gethane, AdoptChina, j924 - I see what you are saying - makes sense!
Artist Mama - great view from another angle! May I ask (honestly, just asking no judgment what-so-ever) - what do you think your Mother should have done differently? Was your complete involvement crucial for the survival of the family? Or do you think your could have been just fine if your Mom did something else - remarried, worked less hours, etc.?
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My older kids help out the younger, but I don't expect them to be extra parents. They'll help tie shoes, or pour a drink, or supervise a tub if I'm busy doing something else.

My 5 y/o is a constant shadow to the 14 y/o and mostly he's okay with that. My oldest will babysit, but I don't ever tell him he has to--sometimes it's a trade-off, like when I'm going to do the foodshopping and ds1 will offer to babysit ds2 rather than help do the shopping. Other times, if it's something for my own entertainment (dinner out, book club, etc.) I will ask him if he wants a babysitting job and then pay him for it. I figure that, if I didn't have my eldest, I'd be hiring a babysitter, so it hardly seems fair to just expect ds1 to do it for free.

I was the eldest of 3 and while I didn't have complete responsiblity for my younger sibs, I was given enough (without being asked) that I felt some resentment. I really see the mothering "job" as mine, and not my older kids'.
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I'm the 3rd of 7. We helped with the younger kids but it was never a requirement. There were a couple of things that we got paid to do. We got paid $1 an hour to babysit and the young child got to pick which older sibling would be in charge (encouraging the big kids to be nice all the time to have the opportunity to babysit). The middle kids that could use practice reading got paid a nickle a book to read to the younger ones. I never resented having younger siblings and was generally happy to help if I wasn't busy but I know I would have been annoyed if I was required to babysit consistently w/o compensation. My same age neighbor was in charge of her two younger siblings and would actually get in trouble if they did something wrong. I thought that was weird and wrong.

Originally Posted by 4evermom
We got paid $1 an hour to babysit and the young child got to pick which older sibling would be in charge (encouraging the big kids to be nice all the time to have the opportunity to babysit).

Hmm, now that is an interesting idea. Do you think that worked out pretty well?
I don't usually FORCE my girls to help with ds, but sometimes one of them offers to. Hannah is great with Jack in the mornings, and she often has more patience with him than I do. When she helps him get changed, I stay out of her way while she's doing it and thank her when she's done. If she doesn't want to, I'll dress him myself (and these days, dressing him consists of either convincing him to let you dress him, or convincing him to let you help him get dressed, or convincing him to try to put it on himself and then helping him if needed in a way that won't hurt his pride.)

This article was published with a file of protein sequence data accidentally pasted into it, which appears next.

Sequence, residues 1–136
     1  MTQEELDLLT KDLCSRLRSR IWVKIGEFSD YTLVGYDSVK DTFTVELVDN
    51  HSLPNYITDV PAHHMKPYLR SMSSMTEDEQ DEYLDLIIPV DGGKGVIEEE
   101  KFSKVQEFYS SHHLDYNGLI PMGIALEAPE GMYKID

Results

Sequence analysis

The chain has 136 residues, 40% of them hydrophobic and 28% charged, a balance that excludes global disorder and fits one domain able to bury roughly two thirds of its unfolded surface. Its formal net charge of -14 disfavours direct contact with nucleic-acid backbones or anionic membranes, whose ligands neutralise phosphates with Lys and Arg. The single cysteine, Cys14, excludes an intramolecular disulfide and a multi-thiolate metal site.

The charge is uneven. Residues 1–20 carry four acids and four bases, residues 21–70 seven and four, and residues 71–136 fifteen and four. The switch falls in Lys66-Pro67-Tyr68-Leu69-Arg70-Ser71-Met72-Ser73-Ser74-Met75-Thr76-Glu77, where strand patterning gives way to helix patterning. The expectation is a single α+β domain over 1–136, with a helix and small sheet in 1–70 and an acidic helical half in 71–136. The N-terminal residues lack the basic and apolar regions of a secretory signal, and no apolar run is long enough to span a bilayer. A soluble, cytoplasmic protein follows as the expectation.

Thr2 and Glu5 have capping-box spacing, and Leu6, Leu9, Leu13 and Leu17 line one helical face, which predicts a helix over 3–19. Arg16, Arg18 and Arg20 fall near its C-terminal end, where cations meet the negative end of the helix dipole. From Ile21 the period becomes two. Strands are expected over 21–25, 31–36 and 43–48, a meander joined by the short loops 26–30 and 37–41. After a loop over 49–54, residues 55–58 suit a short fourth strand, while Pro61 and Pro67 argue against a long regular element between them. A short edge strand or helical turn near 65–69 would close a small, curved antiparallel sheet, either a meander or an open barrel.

It's their job to put away their own laundry after I wash it. I'm not as consistent with other chores as I probably should be, but I am clear when I'm not feeling well and need them to help more. Many times, it's a matter of "If you'd like to have something for dessert, you'll have to help me make it." Sometimes it's even "if you'd like to have a clean table to eat off of, I'm going to need help cleaning it."

If one of the girls does a job that's normally "mine" and it's a significant amount of extra work, I'll pay her for doing it.
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Originally Posted by gethane
Hmm, now that is an interesting idea. Do you think that worked out pretty well?
I think the result was that the kids who were generally nicer got the babysitting jobs unless there was a recent conflict but I don't think it caused any real changes in the behavior of the big kids, just a little last minute currying of favors. I remember older kids occasionally bargaining with the younger child for babysitting privledges. My parents didn't go out much. I do think it was a good way to handle things, though. The younger child's opinion was respected. The older one was not resentful. Mom didn't have to deal with kids begging her to choose them or fights over whose turn it was.
I'm 7 years older than my younger brother and growing up, I was left to take care of him while my parents sowed their oats.
There was some resentment there, but I'm really close with him now.

There's almost 11 years difference between my oldest and youngest, and I ask her simple things like keeping an eye on him, getting him out of something if I'm busy, etc. But she takes it upon herself to do alot more with him than I thought.

She's also at the age where she likes to take charge a little TOO much. She needs reminded that "I" am his mother, not her.
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My mother is the oldest of eight bio-children (plus several more adopted and foster siblings). She still resents having to always be the baby sitter, always taking care of the little kids. I think she has some very deep-seated resentment and anger problems, still, nearly 60 years later because of it. I see the same anger and resentment in my cousin who is the oldest of seven. Funny how it's the youngest child who grew up to have the largest family, the older siblings who always had to share their parent's workload all had smaller families...